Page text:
DMA Unpacks Some of Its Newest Contemporary Treasures
One of the Dallas Museum of Art’s strongest collecting areas is art made after World War II, but because the DMA lacks permanent gallery space for those holdings, shows like Never Enough: Recent Acquisitions of Contemporary Art represent a relatively rare chance to dive into them. A+C’s Devon Britt-Darby caught up with DMA assistant curator Gabriel Ritter to ask what visitors can expect to see.
A+C: This show is focused on recent acquisitions going back how far?
GABRIEL RITTER: It’s all work collected over the past four to five years. Never Enough is really focusing on areas that the collection has moved into, one of those being photography as a conceptual tool. We’ve also been collecting a lot more video installation over the past few years, but it takes quite a big to-do to put those together, so there’s only one large-scale video installation by Charles Atlas that will be on view as part of this exhibition.
While there’s not necessarily a theme, I think as the viewer walks through the exhibition, they’ll encounter new ideas that may be new to the museum as well. There’s some interactive artwork (including) a historical piece by Franz Erhard Walther that requires the audience to stand in and on the sculpture in order for the piece to be fully realized. Along the same lines, there’s a work from—I think it was 1955, but it was recreated in 1993—by the Gutai artist Atsuko Tanaka. You have to ring the bell in order for this piece to be activated. Just because it is very, very loud, I don’t think we will have audience members pressing the bell. It’s 12 bells that ring in succession, and it’s in the Barrel Vault, which will amplify it significantly. But we’ll have the attendants ring the bell at least once an hour, and if someone has come halfway around the world or is dying to hear the bells come off, I’m sure we can accommodate that. I think if we have people pressing the bell all the time it will be very, very loud.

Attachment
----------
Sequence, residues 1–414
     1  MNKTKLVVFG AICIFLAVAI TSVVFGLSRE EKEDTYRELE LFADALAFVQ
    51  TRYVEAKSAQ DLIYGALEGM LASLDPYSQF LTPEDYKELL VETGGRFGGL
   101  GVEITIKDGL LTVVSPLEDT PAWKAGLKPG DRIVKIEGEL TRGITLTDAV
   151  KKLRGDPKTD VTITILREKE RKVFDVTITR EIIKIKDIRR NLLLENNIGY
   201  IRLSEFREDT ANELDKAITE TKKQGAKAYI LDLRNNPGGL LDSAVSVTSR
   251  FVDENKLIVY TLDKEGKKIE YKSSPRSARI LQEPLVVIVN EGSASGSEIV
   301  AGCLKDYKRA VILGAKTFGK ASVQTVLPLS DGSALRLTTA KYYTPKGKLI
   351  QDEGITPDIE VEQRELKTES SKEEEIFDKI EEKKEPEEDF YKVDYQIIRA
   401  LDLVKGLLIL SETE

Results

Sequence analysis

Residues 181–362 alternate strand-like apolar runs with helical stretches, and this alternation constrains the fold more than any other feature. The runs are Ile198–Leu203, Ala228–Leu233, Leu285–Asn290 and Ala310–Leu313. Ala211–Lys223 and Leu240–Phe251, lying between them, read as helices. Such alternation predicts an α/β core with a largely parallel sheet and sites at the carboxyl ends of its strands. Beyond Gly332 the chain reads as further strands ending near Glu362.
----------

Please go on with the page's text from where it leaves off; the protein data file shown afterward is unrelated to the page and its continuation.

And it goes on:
A+C: Yeah, that could wear thin after a while.
GR: There’s also an undercurrent in several of the works. For lack of a better term, it’s that you don’t see what you get. They either employ trompe-l’oeil effects, or they employ a tricky use of materials where it appears to be incredibly heavy or made out of concrete, when in fact it’s made out of Styrofoam—or things that look lifelike but are in fact handmade.
It’s a sort of back and forth that artists have been playing with for a while, but more recently there’s an interest in materiality that confuses or confounds the viewer.There’s a fantastic piece by Ugo Rondinone, the Swiss sculptor, that is this massive black gate. It’s over 100 inches tall, and it looks like it’s a doorway into a castle or another dimension, but it’s completely flat up against the wall. It’s only the material presence of the object that gives it this kind of weight or gravitas. Then there’s a small sculpture by Margaret Lee—a series of faux fruit that’s been painstakingly handmade out of individual molds, all hand-painted to look like actual fruit, but it’s not real.
So there’s an interest in materiality and also artifice. Those two things are definitely at play in the exhibition.